I love seeing birds in the wild doing what birds should be doing – flying free and catching their own food – even if they do feast on my fruit trees!
I have captured seabirds catching crabs both at home and on our travels.
Once I fed a big seagull my ice-cream – or rather it stole it by dive-bombing from behind me and knocking the ice-cream from the ice-cream cone. I didn’t know whether to laugh or cry but the amused onlookers thought it was hilarious. Needless to say, I didn’t get that photo – just a big fright! Does that count as feeding the birds?
I was so excited to see a hummingbird for the first time when in Oklahoma a few years back. The feeder attracted this one long enough for me to capture this image
Taking time out to feed the sparrows in Paris
My own bird feeder
I love walking along a local pathway alongside the beach to find the baby shags being fed .
So although watching the wild birds in their natural habitat is my preference, I have a friend who cares for rescue birds like this cockatoo. Sam the cockatoo likes to choose her own cookie. I’m not sure if it is the pink colour she was attracted to or the little seed-like sugar bits. She is quite a character and whilst she no longer flies, she can climb freely and loves being fed in this tree. She has been known to climb too high sometimes so her caregiver pretends to drive away and down she scrambles.
Not all that is red are flowers. This really was a challenge for me.
Red is not my favourite colour and I find it tricky to photograph its true colour so I couldn’t find too many in my archives. As I’m not able to hold my camera whilst wearing a sling, this is as good as it gets this week.
A very red grand piano – this beautiful instrument was provided to the people of Christchurch not long after the devastating earthquakes so they could play and/or enjoy some inspiring amidst the chaos.
Roses are red – and so are petunias and begonias
Fungi can also offer some reds in Autumn when life is not always rosy and colourful.
And here is my taonga/ treasure -my pounamu/greenstone “The spirit of life” I keep it in my little kit (flax bag) adorned with rosy red feather when I’m not wearing it. It brings me balance.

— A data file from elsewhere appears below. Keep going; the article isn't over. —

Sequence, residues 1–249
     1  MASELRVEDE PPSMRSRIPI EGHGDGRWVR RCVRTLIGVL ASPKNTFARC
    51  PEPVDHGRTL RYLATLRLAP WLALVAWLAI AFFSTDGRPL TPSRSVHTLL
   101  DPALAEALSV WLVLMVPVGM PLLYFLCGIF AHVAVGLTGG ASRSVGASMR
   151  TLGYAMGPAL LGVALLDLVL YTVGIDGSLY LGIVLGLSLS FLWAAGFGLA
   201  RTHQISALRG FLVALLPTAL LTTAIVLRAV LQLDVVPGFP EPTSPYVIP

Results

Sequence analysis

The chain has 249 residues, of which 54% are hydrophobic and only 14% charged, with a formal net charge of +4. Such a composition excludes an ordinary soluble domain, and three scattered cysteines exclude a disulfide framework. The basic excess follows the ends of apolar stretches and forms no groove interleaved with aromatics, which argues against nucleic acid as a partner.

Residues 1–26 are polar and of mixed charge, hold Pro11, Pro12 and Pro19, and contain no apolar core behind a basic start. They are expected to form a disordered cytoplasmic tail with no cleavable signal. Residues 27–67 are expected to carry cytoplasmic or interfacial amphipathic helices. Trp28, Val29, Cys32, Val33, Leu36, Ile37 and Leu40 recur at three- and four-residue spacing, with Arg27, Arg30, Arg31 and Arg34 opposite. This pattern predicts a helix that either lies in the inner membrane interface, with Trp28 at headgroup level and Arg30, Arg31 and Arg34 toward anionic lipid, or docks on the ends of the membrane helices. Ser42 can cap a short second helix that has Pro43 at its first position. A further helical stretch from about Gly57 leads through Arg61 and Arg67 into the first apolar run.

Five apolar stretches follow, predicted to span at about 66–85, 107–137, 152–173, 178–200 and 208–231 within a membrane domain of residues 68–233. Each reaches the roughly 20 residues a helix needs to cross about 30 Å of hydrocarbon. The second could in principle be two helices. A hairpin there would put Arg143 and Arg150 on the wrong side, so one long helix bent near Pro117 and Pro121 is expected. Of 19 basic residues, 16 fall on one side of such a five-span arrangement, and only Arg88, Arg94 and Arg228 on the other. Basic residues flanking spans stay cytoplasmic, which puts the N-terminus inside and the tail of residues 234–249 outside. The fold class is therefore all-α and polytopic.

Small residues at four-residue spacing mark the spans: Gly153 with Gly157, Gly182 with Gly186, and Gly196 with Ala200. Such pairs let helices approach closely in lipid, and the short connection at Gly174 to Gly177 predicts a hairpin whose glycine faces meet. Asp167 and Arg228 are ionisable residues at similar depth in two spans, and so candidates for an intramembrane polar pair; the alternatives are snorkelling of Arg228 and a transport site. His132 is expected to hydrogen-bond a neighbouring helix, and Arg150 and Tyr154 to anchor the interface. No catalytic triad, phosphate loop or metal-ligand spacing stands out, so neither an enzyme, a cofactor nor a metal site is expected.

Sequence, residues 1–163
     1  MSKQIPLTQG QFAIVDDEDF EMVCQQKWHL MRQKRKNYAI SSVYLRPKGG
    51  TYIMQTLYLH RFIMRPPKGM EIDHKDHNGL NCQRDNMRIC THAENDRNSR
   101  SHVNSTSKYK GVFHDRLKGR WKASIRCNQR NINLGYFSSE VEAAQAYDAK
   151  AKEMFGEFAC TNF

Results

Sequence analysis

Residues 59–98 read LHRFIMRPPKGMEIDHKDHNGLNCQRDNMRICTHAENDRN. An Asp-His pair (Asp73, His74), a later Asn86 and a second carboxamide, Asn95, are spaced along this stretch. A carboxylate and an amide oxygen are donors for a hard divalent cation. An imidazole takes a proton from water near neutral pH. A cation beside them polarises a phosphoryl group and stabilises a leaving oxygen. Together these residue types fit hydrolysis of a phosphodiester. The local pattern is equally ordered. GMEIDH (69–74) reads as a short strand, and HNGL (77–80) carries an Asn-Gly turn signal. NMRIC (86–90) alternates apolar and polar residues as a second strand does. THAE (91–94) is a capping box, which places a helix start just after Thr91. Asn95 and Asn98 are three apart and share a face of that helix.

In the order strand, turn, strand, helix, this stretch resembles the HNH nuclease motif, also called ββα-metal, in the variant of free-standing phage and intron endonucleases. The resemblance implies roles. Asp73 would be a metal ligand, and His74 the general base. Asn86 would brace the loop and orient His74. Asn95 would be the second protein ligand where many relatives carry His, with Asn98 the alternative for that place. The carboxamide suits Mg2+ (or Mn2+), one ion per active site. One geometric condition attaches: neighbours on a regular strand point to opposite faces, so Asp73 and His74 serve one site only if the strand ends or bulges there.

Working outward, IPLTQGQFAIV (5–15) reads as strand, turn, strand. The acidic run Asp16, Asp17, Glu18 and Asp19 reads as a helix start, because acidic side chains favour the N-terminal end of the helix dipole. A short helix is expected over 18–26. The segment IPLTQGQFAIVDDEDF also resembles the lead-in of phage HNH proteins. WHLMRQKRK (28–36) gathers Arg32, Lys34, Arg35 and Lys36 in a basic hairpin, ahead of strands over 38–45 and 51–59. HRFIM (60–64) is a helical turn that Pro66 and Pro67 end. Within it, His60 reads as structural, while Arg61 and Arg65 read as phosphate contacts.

Such happy travel memories of our Croatian trip.Plitvice lakes and Krka waterfalls – so many water-scapes and waterfalls. Walking alongside, walking across, around and above the waterfalls was a magical experience. Water, water everywhere.
“Plitviče Lakes National Park is a 295-sq.-km forest reserve in central Croatia. It’s known for a chain of 16 terraced lakes, joined by waterfalls, that extend into a limestone canyon. Walkways and hiking trails wind around and across the water.
And when we got to Krka we could swim close to the waterfalls. How lucky were we to have this experience when we visited in 2018.
2020 was the final year in which visitors to Krka National Park were able to swim in Skradinski Buk, the largest and most-popular water asset situated there. From January 2021, the practice of swimming in this section of the park has been banned.
“Krka National Park is situated along the Krka River in southern Croatia. It’s known for a series of 7 waterfalls. Skradinski buk is one of the most attractive parts of the park. It is a massive, clear, natural pool with high waterfalls at one end and cascades at the other. It is the lowest of the three sets of waterfalls formed along the Krka river. In an area 400 m in length and 100 m in width there are 17 waterfalls and the total difference in height between the first and the last falls is 47.7 m.
Where my Swedish family live in Gothenburg, Sweden.
Sweet memories of our most recent overseas trip in 2018 – who knows when we will return?
NZ landscapes A little closer to home – these images of the South Island of New Zealand are special to me as a ‘mainlander’. Taken over several road trips around the South Island in differing seasons, each has been a particular highlight.
Aoraki, Lake Pukaki and Lake Tekapo- the magical mountains and lakes of the Mackenzie region. Aoraki / Mount Cook is the highest mountain in New Zealand. Its height, as of 2014, is listed as 3,724 metres (12,218 feet). It lies in the Southern alps, the mountain range which runs the length of the South Island.”
Hurunui Hinterland – we explored the Hurunui River from the source at Lake Sumner, a remote high country lake through the hinterland and Canterbury Plains to the Culverden basin and thence to the coastline of the Pacific.
“The Hurunui River is one of the most diverse braided rivers in Canterbury. It has two main branches, each with distinctive attributes originating east of the Main Divide in New Zealand’s Southern Alps. Some 150km long, the total catchment area of the river is 2671 km2.”
My last image has to be an especially favourite landscape though – it is the point of light at the end of the beach where I live. No matter how far I’ve travelled, there is no landscape like the one I live in – at home.